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Keep calm … and reach a deal ASAP

A clear majority of Greek citizens has decided to decline the creditors’ proposal that was on the table on June 25. This result should not be over-int

Publishing date
05 July 2015
Authors
Grégory Claeys

A clear majority of Greek citizens has decided to decline the creditors’ proposal that was on the table on June 25. This result should not be over-interpreted and should be simply taken as it is, a clear NO to the policies that have been implemented in Greece over the last 5 years and that have failed to avoid a free fall of GDP 25% and a dramatic increase of unemployment to 25%. It should absolutely not been seen as a NO to euro membership, as Greeks have reaffirmed without any doubt their willingness to stay in the Eurozone in all polls conducted over the last few weeks.

European policy makers will have some historical decisions to take this week. Even though some of them have tried to re-frame the referendum as an in-out vote last week to push Greek citizens into voting yes, this was never the question that was asked to the Greeks. The European partners of Greece should recognize this and be ready to negotiate a new ESM programme with Mr. Tsipras’ government, who has been given a clear mandate to continue negotiating for a better deal than the one that was on the table on June 25.

Signalling to the ECB that they are willing to reach a deal quickly will be extremely important. In a first phase, this will allow the ECB to at least maintain the Emergency Liquidity Assistance (ELA) to Greek banks at its current level. The ECB’s Governing Council will meet on Monday to decide what they want to do with the ELA. Withdrawing the money lent to Greek banks to replace the massive outflows of deposits that have been taking place over the last few months would result in the bankruptcy of the banking sector and would force the Greek authorities to issue a new currency to recapitalise their banking sector, resulting de facto in the exit of Greece from the monetary union.  This would be a major political decision that should not be taken by unelected central bankers before Tuesday’s summit. It is therefore in the duty of the European governments to avoid that by signalling clearly to the ECB that they are ready to reach a deal. In a second phase, advancing quickly in the negotiations and signalling it to the ECB will allow the Governing Council to start raising the ELA ceiling again to play fully its role of Lender of Last Resort. Given the already limited buffer of cash of Greek banks when ELA was frozen, they could run out of cash quickly, even with the current cash withdrawal limits in place, so the increase of the ELA ceiling should take place as soon as possible.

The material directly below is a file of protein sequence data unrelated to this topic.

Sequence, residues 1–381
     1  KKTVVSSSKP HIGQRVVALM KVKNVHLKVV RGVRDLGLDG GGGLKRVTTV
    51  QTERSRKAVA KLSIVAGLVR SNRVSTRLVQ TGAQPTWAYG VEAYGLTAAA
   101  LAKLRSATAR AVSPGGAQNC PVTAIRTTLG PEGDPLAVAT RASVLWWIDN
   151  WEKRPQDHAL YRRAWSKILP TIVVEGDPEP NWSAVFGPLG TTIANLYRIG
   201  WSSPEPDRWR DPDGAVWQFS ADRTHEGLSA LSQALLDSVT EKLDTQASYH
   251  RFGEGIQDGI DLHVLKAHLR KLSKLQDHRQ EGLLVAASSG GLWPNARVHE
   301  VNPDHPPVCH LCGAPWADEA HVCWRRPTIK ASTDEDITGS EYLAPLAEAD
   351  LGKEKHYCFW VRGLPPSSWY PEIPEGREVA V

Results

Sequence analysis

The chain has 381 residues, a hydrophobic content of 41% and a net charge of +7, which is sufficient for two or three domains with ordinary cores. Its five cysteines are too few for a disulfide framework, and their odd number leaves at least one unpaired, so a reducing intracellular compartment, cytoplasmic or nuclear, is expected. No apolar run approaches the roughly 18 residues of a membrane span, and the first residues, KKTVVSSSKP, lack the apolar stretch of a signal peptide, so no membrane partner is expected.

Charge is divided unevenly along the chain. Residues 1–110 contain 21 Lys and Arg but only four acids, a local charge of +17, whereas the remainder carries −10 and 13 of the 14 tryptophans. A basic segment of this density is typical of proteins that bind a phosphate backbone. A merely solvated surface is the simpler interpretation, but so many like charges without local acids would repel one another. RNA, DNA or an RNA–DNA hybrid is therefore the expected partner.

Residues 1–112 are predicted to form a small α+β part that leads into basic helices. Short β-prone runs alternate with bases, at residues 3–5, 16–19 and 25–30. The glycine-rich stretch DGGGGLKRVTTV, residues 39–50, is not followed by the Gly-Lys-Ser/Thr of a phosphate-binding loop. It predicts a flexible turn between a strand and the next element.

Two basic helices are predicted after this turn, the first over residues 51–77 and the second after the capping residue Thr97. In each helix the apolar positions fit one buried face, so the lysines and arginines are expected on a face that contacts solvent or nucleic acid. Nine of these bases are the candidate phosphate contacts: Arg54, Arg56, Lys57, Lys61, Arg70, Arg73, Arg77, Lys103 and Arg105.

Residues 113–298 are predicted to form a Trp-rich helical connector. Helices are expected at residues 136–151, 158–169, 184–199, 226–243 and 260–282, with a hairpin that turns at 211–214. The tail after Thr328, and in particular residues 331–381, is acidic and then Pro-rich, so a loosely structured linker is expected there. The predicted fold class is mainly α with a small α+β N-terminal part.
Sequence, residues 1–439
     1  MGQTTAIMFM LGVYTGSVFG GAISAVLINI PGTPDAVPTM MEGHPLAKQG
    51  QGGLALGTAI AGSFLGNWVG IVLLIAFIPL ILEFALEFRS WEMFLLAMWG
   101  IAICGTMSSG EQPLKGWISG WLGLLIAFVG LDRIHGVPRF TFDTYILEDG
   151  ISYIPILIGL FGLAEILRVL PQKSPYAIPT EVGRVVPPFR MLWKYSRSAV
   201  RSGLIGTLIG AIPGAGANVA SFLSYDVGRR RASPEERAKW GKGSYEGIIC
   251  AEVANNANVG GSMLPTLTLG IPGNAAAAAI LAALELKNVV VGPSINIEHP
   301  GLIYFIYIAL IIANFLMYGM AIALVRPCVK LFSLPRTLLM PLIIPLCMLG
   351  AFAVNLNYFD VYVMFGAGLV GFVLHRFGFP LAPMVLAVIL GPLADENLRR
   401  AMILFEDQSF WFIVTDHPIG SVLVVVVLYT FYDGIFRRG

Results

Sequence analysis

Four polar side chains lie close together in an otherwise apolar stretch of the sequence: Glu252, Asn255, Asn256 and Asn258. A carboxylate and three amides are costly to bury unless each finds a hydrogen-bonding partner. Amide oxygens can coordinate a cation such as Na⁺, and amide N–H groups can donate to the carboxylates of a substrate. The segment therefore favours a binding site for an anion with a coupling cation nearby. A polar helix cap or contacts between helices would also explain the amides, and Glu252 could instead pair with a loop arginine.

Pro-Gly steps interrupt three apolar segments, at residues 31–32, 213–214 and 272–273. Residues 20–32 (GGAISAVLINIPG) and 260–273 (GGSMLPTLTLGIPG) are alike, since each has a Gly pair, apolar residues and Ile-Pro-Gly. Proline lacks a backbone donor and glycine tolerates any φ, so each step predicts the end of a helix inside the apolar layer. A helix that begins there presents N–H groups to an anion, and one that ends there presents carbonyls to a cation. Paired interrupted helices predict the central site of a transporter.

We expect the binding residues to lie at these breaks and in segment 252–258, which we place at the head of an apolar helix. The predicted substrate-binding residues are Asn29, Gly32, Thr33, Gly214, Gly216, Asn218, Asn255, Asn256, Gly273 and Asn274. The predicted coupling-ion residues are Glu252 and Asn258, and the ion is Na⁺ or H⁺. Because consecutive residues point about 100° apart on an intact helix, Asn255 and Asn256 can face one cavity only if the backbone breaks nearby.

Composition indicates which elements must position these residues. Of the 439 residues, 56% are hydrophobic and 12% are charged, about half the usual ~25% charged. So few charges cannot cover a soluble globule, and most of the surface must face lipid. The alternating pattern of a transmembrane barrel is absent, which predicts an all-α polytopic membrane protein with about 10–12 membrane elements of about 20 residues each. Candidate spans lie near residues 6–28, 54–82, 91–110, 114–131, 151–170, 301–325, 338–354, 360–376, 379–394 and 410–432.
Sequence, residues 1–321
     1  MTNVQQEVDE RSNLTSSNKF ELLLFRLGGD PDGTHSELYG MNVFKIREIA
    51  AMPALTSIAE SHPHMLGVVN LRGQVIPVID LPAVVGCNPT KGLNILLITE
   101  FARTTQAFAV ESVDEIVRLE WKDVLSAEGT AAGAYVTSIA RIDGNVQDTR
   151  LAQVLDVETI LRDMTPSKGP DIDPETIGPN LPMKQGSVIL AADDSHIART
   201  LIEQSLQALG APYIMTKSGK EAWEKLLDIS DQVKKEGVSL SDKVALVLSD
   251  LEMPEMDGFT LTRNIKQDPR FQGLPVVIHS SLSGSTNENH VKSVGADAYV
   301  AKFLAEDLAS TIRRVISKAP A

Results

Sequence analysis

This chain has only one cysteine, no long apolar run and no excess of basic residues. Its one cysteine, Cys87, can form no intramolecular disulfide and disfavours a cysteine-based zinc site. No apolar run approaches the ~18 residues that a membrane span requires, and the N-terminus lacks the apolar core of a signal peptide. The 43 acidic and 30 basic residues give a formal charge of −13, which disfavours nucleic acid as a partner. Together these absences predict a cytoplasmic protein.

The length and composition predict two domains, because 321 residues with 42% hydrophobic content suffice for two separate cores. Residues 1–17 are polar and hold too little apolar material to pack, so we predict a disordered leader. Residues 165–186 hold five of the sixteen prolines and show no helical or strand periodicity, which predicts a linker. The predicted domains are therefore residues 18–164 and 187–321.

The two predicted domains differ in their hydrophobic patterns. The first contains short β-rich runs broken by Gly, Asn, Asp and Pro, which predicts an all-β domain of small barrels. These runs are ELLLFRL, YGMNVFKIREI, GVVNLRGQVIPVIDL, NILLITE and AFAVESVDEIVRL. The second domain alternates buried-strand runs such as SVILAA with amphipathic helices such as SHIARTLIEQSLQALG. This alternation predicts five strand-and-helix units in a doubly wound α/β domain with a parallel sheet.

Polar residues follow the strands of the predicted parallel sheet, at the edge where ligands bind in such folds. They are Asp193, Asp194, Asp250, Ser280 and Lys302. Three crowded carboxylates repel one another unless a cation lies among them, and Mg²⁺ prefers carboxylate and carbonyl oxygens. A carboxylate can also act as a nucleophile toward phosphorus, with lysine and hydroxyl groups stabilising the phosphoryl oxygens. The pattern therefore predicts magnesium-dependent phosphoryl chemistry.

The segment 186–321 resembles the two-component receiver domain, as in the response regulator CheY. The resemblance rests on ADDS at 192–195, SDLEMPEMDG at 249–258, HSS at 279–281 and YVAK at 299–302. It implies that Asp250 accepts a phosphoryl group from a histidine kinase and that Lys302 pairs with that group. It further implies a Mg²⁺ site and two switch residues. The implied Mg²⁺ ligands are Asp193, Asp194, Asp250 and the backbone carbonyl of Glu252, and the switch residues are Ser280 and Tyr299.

Allowing or, even worse, forcing Greece to leave the Eurozone would be a terrible and irreversible decision. This would be dramatic for Greek citizens in the short-term as it would lead to more suffering resulting from a further collapse in GDP and increase in the unemployment rate. But this would also be dramatic for the rest of the Eurozone as this would definitely show that the euro is a reversible currency and that the promise of the ECB to “do whatever it takes” to preserve the integrity of the monetary union cannot be taken seriously.

It will be difficult, but there is no time to lose now. The creditors of Greece will have to show very quickly that they are ready to compromise, that they are able to be magnanimous and to forget the often divisive rhetoric that have been used by the Greek government on the campaign trail over the last week. By doing that, they will show that they take into account the result of a democratic vote, even if it comes from a small country at the edge of the Union. For their part, even if they have just obtained a big political victory, Mr. Tsipras and his government, will have to be humble and show that they can regain their partners’ trust by finally proposing serious reforms compatible with their platform (e.g. on the judicial system, on corruption, on tax evasion, and on the role of the oligarchy) and with the renewed mandate given to them by the Greek people on Sunday, in order to put the Greek economy and society back on track.

About the authors

  • Grégory Claeys

    Grégory Claeys, a French and Spanish citizen, joined Bruegel as a research fellow in February 2014, before being appointed senior fellow in April 2020.

    Grégory’s research interests include international macroeconomics and finance, central banking and European governance. From 2006 to 2009 Grégory worked as a macroeconomist in the Economic Research Department of the French bank Crédit Agricole. Prior to joining Bruegel he also conducted research in several capacities, including as a visiting researcher in the Financial Research Department of the Central Bank of Chile in Santiago, and in the Economic Department of the French Embassy in Chicago. Grégory is also an Associate Professor at the Conservatoire National des Arts et Métiers in Paris where he is teaching macroeconomics in the Master of Finance. He previously taught undergraduate macroeconomics at Sciences Po in Paris.

    He holds a PhD in Economics from the European University Institute (Florence), an MSc in economics from Paris X University and an MSc in management from HEC (Paris).

    Grégory is fluent in English, French and Spanish.

     

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